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January 13, 2011

Analyzing An Application Challenge

Filed under: General x86,Reverse Engineering — admin @ 8:30 AM

I recently stumbled upon Hack This Site, a site that offers “missions” relating to web security, application reversing, programming, and general hacking topics. I quickly completed all of their application challenges, with the exception of the last two. Along the way, I found an interesting one — application challenge #7. I chose to post about this one since there was an interesting twist in the application which is probably why it was rated as a medium level challenge instead of easy.

The Analysis

This challenge comes with two files, the executable and a file called “encrypted.enc” that the executable uses. From opening up encrypted.enc in a hex editor, it is obvious to see that the contents of encrypted.enc are encrypted or obfuscated in some way. As a result, analyzing it as a standalone file won’t really provide any information. The executable will have to be reverse engineered to see just how it manipulates this file and how it derives the password.

Upon startup, the application simply asks for a password. Providing the wrong password simply causes it to display “Invalid Password” and terminate. Taking a look at how this occurs reveals a lot of information about how the password is stored and derived.

.text:0040118C                 cmp     [ebp+var_18], 0DCAh
.text:00401193                 jnz     short loc_4011A8
.text:00401195                 lea     ecx, [ebp+Dst]
.text:00401198                 push    ecx
.text:00401199                 push    offset Format   ; "Congratulations, The password is '%s'"
.text:0040119E                 call    _printf
.text:004011A3                 add     esp, 8
.text:004011A6                 jmp     short loc_4011B5
.text:004011A8 ; ---------------------------------------------------------------------------
.text:004011A8 loc_4011A8:                             ; CODE XREF: _main+193j
.text:004011A8                 push    offset aInvalidPasswor ; "Invalid Password"
.text:004011AD                 call    _puts

The application jumps to the “Invalid Password” location at loc_4011A8 if the value stored in [ebp+var_18] does not equal 0DCAh (3530d). Otherwise it continues on to the congratulations message. At first instinct, it might be tempting to simply NOP out the jump or to switch it to whatever [ebp+var_18] is during runtime so the congratulations message is hit. However, this causes some problems as shown below. The comparison was replaced with a NOP instruction and the image below shows what happened as a result.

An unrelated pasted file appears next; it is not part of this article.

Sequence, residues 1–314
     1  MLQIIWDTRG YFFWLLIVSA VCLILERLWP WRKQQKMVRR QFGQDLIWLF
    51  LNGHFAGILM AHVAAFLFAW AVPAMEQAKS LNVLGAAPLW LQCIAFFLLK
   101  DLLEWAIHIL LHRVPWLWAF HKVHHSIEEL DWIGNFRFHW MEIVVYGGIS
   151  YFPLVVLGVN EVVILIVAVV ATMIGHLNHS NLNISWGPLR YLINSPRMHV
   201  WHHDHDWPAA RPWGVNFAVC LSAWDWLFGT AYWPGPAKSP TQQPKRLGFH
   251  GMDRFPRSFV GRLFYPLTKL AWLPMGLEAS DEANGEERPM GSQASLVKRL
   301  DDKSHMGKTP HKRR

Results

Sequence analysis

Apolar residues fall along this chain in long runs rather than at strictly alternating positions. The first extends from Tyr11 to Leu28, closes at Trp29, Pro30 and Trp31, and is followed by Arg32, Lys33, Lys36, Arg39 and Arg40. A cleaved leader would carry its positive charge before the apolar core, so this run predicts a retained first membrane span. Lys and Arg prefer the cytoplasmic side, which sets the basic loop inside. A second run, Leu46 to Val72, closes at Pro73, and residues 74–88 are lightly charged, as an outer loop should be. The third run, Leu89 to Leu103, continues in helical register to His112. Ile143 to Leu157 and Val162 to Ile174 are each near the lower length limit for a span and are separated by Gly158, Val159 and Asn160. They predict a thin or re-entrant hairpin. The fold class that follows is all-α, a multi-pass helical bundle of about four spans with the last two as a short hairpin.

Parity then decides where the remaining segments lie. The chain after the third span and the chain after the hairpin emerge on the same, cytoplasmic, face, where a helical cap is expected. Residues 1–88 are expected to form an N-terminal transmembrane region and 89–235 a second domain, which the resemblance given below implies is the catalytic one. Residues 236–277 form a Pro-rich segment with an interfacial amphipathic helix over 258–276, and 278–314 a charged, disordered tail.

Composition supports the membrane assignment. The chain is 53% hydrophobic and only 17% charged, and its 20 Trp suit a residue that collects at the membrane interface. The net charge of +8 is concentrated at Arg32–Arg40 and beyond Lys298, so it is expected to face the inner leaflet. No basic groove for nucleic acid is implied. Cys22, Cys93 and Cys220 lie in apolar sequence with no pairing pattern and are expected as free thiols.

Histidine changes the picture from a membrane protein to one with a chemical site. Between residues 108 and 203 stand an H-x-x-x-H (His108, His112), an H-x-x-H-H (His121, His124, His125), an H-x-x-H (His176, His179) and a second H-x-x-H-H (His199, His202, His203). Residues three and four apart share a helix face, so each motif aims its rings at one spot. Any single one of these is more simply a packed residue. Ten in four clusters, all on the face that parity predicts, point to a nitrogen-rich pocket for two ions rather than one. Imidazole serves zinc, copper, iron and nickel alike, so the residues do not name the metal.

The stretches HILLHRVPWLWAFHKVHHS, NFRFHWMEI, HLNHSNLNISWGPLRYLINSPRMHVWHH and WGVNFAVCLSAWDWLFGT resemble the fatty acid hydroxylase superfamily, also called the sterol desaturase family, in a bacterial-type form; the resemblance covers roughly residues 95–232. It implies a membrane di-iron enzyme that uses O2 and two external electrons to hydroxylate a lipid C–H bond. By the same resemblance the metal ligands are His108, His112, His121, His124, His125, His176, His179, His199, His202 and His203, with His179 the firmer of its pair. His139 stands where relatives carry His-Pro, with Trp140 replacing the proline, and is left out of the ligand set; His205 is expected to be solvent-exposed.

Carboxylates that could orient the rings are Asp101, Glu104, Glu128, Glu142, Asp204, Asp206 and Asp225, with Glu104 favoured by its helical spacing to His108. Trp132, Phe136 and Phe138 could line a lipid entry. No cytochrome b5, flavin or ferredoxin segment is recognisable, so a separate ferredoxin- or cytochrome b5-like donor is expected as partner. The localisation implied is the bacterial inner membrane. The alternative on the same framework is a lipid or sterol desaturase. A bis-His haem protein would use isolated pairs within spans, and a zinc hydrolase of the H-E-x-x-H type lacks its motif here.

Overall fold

The password becomes unintelligible and the website where you eventually submit the solution rejects it. It is interesting to look at why this occurs. Thus, begins the actual analysis of how this works.

The program flow is simple enough. A few loops and conditionals are the main parts of how this functions.

Identifying the Variables

IDA identifies the following variables used by the application

.text:00401000 File            = dword ptr -2Ch
.text:00401000 var_28          = dword ptr -28h
.text:00401000 var_24          = dword ptr -24h
.text:00401000 DstBuf          = dword ptr -20h
.text:00401000 var_1C          = dword ptr -1Ch
.text:00401000 var_18          = dword ptr -18h
.text:00401000 Dst             = byte ptr -14h
.text:00401000 var_4           = byte ptr -4

Some were identified in the initial autoanalysis phase by IDA so only five remain to be manually identified. The first ones to occur are [ebp+var_4] and [ebp+var1C]:

.text:0040103F loc_40103F:                             ; CODE XREF: _main+62j
.text:0040103F                 call    j___fgetchar
.text:00401044                 mov     [ebp+var_4], al
.text:00401047                 movsx   ecx, [ebp+var_4]
.text:0040104B                 mov     edx, [ebp+var_1C]
.text:0040104E                 add     edx, ecx
.text:00401050                 mov     [ebp+var_1C], edx
.text:00401053                 movsx   eax, [ebp+var_4]
.text:00401057                 cmp     eax, 0Ah
.text:0040105A                 jz      short loc_401064
.text:0040105C                 movsx   ecx, [ebp+var_4]
.text:00401060                 test    ecx, ecx